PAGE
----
Also the exposure to the compounds released from the NORAD facility has obviously changed those to whom were exposed permanently – there did not seem to be closure on this element. What does it mean for the future? What becomes of USAMRIID? It felt like there was the possibility of the series continuing, or at least a possibility of a companion series to delve into this aspect of the Monument 14 universe.

Dean seemed to be reactionary throughout this whole book. In the previous novels he was more proactive, organisational, and had leadership qualities. I don’t think he was given a chance to shine as a character in ‘Savage Drift’ which was a pity. Closer to the conclusion a lot of the tension was pulled apart too early which was another reason I wasn’t invested as I would otherwise.

Similarly Josie’s story (plot holes aside) had her just surviving. We had glimpses of her determination and survival instinct and care for the little ones in the internment camp – but then it went nowhere because she was pulled out of that situation and forced into another which meant her motivation was eliminated.

I wish ‘Savage Drift’ were two novels the first dealing with the characters having been separated, reuniting at the end facing the might of the military regime; and the second taking on the military rule and USAMRIID (with allies and rebels).

I didn’t know what to predict going into ‘Savage Drift,’ but upon completion they must have been high because, while I enjoyed the read, many of my expectations did not feel met. After the last page I was left with a feeling of ‘is that it?

Having read a number of other novels in-between ‘Savage Drift’ and its prequel ‘Sky on Fire’ I also felt the writing style a bit sparse and dry. It did not capture my imagination as the first two novels. Again, it reflects the demographic, dystopian world of the Monument 14, and head space of its tween protagonists – but I wanted it to be a bit more reflective and expressive of the wider world. It could have felt intimate given the way the novel is narrated, instead it fell flat for me.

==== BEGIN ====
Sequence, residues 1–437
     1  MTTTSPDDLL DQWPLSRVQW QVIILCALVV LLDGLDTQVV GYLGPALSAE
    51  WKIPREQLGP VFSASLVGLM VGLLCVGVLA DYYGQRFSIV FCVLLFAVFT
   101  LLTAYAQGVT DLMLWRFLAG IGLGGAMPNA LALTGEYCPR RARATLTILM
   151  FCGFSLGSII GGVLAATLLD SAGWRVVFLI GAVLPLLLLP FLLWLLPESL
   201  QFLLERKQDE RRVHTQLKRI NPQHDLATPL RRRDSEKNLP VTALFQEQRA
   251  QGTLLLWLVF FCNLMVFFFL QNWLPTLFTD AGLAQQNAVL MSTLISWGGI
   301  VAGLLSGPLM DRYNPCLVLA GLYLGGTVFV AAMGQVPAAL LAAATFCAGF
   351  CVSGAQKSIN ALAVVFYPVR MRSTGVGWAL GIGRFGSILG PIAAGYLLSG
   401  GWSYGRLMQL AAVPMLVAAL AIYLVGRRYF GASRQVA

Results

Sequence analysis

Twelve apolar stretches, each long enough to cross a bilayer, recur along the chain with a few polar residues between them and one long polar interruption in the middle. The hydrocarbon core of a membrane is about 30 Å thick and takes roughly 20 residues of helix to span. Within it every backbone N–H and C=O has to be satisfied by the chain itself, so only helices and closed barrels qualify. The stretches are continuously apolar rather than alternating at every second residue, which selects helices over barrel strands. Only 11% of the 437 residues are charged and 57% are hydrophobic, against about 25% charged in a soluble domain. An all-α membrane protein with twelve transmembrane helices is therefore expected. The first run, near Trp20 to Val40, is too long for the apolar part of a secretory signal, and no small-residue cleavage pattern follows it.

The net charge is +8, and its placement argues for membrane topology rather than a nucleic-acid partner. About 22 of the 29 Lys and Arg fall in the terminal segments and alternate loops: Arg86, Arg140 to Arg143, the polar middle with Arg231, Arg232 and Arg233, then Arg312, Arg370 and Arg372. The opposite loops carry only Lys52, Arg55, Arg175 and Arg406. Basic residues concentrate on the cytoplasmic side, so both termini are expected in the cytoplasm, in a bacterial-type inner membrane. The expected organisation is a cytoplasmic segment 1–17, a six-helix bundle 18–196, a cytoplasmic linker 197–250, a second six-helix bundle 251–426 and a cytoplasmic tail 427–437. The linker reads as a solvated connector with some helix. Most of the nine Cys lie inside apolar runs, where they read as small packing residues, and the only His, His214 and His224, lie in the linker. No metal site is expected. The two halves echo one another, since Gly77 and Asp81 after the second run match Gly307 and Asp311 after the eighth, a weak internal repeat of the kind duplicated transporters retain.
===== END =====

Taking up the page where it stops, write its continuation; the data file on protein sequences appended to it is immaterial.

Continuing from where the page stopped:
Overall a lovely conclusion but I wanted more – an elevation over the established precedence of the first two novels.

Overall feeling: Not too shabby.

© Casey Carlisle 2020. Unauthorized use and/or duplication of this material without express and written permission from this blog’s author and/or owner is strictly prohibited. Excerpts and links may be used, provided that full and clear credit is given to Casey Carlisle with appropriate and specific direction to the original content.

Book Review – ‘The Boy on the Bridge’ (#2 The Girl With all the Gifts) by M.R. Carey

A great companion piece for fans of ‘The Girl With All The Gifts.’

Genre: Y/A, science Fiction, Dystopian, Horror

No. of pages: 400

Once upon a time, in a land blighted by terror, there was a very clever boy.

The people thought the boy could save them, so they opened their gates and sent him out into the world.

To where the monsters lived.

This was a romantic conclusion to the duology. ‘The Boy on the Bridge’ loosely mirrors the debut in the series. An intelligent teen taken under the wing of a scientist and educated as what is left of this dystopian world eagerly scrambles to find a cure for the Hungry plague.

I feel more accurately ‘The Boy on the Bridge’ is a companion novel rather than a sequel as the timelines overlap. ‘The Boy on the Bridge’ takes place a little before ‘The Girl With All The Gifts’ but also manages to pick up after so that you can conclude characters journeys from both novels. The writing style here is excellent, I really envy M.R. Carey’s wordcraft. However, I did not feel as driven with my reading experience. The narrative jumps perspectives with every chapter and the pacing was slow. We do get plot points in each chapter, but there was an element of intrigue or desperation that was missing for me. It did not get interesting until after the half way point, and even then the pacing was only at a clipped pace. There was no cinematic culmination.

Having said that, though, ‘The Boy on the Bridge’ pays off on fan service. It has all the elements from the first novel. I was hoping for some new insights regarding the Cordyceps fungus infecting the world and zombie-fying all of humanity, but alas, no maas. What we get is another road trip comprising of military and scientific personnel, and a wayward teen who is emotionally stunted. I feel awful saying that because the teen Stephen ‘The Robot’ Greaves is on the autism spectrum and somewhat of a savant. I only say it in that manner to illustrate strong parallels to that of Melanie from ‘The Girl With All The Gifts.’ It stopped me from forging a strong emotional connection to the protagonists – that continual switching of points of view and the emotional unavailability of the main character – it was too distant. So when something shocking did happen, I just rolled with the punches, not even an inkling of a sigh, gasp, or tear.

I really like this duology, its desolate tone, a world evolving and scratching for survival. I appreciated Carey’s writing and look forward to tackling another of his titles.